The examples of IoT, AI, and 5G introduced so far are only some of the technologies that are likely to be put to use in medical care. In addition to these, the Fourth Industrial Revolution is expected to leverage VR, AR, and MR as well as robots. Let's take a look at what is needed for these technological developments, along with the challenges.
Author: Hiroaki Kato, M.D.
Dr. Kato develops surgical instruments and telemedicine services while maintaining a medical practice. In 2016, he joined the Ministry of Health, Labour and Welfare (MHLW), where he was involved in legislation and policy making as Assistant to the director in the Health Policy Bureau. Since leaving the MHLW, he has been practicing medicine and supporting the development of new businesses throughout the medical field, including co-founding an AI medical device development company. Dr. Kato is the author of several books, including Medical Care 4.0 (Nikkei BP).
The future of medical care combining VR, MR, Robots, and More
VR allows users to experience video content as if it were real. Content that allows students to have simulated experiences of the key symptoms of dementia and schizophrenia has been developed and is used in medical training and education. MR can reproduce content in actual spaces. A MR tool has been developed to support surgical planning and communication among doctors during surgery by reproducing organs three-dimensionally in space based on CT images.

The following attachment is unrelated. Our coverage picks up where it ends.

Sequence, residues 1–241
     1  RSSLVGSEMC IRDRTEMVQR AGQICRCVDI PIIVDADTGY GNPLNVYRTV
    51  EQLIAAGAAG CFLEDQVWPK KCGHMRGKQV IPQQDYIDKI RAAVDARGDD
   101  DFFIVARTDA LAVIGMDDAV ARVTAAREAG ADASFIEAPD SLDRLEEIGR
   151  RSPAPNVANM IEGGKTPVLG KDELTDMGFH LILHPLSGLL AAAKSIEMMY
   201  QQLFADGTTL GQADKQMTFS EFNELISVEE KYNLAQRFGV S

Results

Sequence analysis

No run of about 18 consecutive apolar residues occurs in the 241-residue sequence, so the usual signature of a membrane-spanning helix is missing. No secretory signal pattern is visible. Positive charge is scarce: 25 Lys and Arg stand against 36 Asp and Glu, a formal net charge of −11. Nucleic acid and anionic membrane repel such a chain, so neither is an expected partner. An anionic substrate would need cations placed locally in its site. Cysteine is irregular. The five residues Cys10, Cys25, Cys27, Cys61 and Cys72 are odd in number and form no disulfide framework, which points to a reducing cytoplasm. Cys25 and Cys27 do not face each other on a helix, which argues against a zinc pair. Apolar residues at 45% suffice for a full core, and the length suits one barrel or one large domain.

Similarly, the use of robots is gaining traction in surgical support. For example, a robot was developed that can operate an endoscope through the head movements of a surgeon fitted with a gyro sensor. While another doctor was responsible for holding the endoscope, this technology will free the hands of that doctor.
In the nursing care field, there are AI-equipped conversational robots to watch over dementia patients, and others that support mobility, such as by a caregiver wearing it or by moving beds. In addition, various other robots and devices have appeared, such as a toileting aid device that uses ultrasound to measure bladder size and direct the user to the toilet on time, and a medication support system to check if a drug was taken on schedule.
In this way, each medical instrument or device used has its own subdivided role. However, it is expected that by combining them with technologies such as IoT, AI, and 5G, single robots will be able to perform multiple roles and collaborate with medical institutions as needed. If this can be achieved, I believe that medical support by robots will gain significant traction.
The Challenge of Identifying Issues
As we have seen, the medical field is making progress every day by using new technologies to solve problems. On the other hand, there are many situations where inefficiencies are encountered or problems occur when these systems are put into practice on the medical frontlines. In busy medical settings, there is no little time to stop and identify and solve issues. Consequently, problems tend to pile up, and may not even be shared with others. Going forward, what is really needed will be to properly identify the issues and develop new products and services to address them.
To achieve this, cooperation is essential not only among medical personnel, but also with companies that have technology, academic institutions that conduct research, and venture companies. I want us to think about the future of medicine together from our respective standpoints and collaborate on initiatives that will lead to a healthy society.